Coal has always been afflicted with dramatic boom and bust cycles and in the early days even the good times could be precarious. The 1950s brought an even more dramatic downturn. The 1950 wage agreement between the coal industry and the United Mine Workers of America allowed the rapid mechanization of the mines, which both sides knew would drastically reduce the number of mining jobs. For this concession the remaining union miners were to receive increased wages as productivity increased with mechanization. Because these terms were imposed upon all operators regardless of the size of the operation, the result – and most would say the intended result—was to drive out the small mines, leaving the large companies in control of the market. The 1950 agreement, combined with the widespread conversion of home heating to oil and gas along with the railroads’ move to diesel fuel, devastated the Central Appalachian job market. Kentucky historians Lowell Harrison and James Klotter in A New History of Kentucky report that between 1950 and 1965 mechanization accounted for the loss of 70% of Kentucky’s underground mining jobs. Between 1950 and 1960 there was a net out-migration from Kentucky’s Appalachian counties of 340,000 people, 32% of the area’s population.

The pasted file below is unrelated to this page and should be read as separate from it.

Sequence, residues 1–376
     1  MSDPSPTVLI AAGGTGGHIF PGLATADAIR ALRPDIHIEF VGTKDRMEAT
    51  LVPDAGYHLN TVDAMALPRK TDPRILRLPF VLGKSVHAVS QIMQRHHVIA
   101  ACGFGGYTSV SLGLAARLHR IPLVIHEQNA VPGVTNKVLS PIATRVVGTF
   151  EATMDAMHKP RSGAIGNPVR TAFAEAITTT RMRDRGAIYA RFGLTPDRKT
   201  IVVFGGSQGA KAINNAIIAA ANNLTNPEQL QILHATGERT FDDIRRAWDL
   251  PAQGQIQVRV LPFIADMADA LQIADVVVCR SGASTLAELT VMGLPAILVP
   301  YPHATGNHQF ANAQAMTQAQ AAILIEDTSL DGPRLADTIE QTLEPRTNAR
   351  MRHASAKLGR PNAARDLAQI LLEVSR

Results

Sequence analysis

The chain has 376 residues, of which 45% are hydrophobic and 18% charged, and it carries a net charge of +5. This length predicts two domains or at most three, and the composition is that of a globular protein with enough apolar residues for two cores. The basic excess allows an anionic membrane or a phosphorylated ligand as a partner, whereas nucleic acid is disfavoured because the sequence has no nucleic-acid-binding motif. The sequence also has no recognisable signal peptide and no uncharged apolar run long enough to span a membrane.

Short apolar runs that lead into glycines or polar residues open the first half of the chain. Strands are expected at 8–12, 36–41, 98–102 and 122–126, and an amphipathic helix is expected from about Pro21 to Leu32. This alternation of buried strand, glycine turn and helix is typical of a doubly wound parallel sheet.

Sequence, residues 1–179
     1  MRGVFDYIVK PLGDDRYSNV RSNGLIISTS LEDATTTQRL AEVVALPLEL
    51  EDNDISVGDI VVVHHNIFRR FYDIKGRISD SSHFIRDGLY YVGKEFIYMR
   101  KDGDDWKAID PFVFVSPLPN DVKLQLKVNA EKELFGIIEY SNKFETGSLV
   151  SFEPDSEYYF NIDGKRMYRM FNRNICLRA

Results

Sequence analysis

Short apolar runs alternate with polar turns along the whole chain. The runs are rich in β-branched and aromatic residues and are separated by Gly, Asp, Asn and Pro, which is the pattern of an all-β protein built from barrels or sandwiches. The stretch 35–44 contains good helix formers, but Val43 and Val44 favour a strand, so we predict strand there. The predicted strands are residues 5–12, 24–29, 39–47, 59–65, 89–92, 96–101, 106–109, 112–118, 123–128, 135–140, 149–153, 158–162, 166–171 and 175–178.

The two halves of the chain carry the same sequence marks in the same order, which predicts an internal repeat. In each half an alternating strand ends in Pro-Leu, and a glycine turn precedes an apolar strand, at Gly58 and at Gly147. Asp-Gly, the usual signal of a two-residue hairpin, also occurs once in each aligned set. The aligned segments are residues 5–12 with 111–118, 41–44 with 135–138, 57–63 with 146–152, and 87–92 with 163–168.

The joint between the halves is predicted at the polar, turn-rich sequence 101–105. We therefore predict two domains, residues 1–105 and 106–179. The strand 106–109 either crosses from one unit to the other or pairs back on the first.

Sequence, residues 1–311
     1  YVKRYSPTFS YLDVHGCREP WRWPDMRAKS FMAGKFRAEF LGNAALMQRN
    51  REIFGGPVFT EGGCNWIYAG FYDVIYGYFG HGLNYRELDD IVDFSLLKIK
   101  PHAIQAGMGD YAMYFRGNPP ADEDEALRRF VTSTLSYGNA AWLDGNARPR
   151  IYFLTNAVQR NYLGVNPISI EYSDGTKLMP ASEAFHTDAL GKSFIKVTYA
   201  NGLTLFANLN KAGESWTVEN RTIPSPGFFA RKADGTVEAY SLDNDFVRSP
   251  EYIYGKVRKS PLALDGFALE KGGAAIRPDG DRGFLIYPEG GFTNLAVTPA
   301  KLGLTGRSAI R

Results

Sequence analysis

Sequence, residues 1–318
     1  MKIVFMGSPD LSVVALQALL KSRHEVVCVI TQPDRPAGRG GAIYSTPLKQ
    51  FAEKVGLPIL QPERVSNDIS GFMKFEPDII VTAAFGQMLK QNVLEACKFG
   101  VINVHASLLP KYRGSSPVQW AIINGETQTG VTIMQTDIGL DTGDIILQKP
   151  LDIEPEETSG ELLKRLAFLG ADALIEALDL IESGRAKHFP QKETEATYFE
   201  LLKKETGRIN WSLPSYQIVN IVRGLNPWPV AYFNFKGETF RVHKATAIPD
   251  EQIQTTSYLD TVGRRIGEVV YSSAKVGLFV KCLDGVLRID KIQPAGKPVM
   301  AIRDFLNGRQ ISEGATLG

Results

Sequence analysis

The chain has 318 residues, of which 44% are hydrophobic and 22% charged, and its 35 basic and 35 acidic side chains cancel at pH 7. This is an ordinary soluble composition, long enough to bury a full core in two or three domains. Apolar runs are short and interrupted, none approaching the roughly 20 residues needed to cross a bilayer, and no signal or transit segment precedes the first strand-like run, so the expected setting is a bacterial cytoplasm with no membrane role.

A final seismic jolt to mining jobs and the Central Appalachian landscape began in the 1970s as surface mining gained a permanent foothold in coal extraction thanks in great part to a partnership between the industry and the Tennessee Valley Authority (TVA). TVA’s early accomplishments and the widespread loyalty engendered by those accomplishments were hardly a harbinger of policies to come. In its early days, TVA hired miners blacklisted for union activity, built dams that averted devastating flood damage estimated at twice the cost of dam construction, planted two hundred million trees, created parks and recreation areas, and brought electricity to homes and factories in rural areas. [imgcontainer left] [img:widow.jpg] [source]William Strode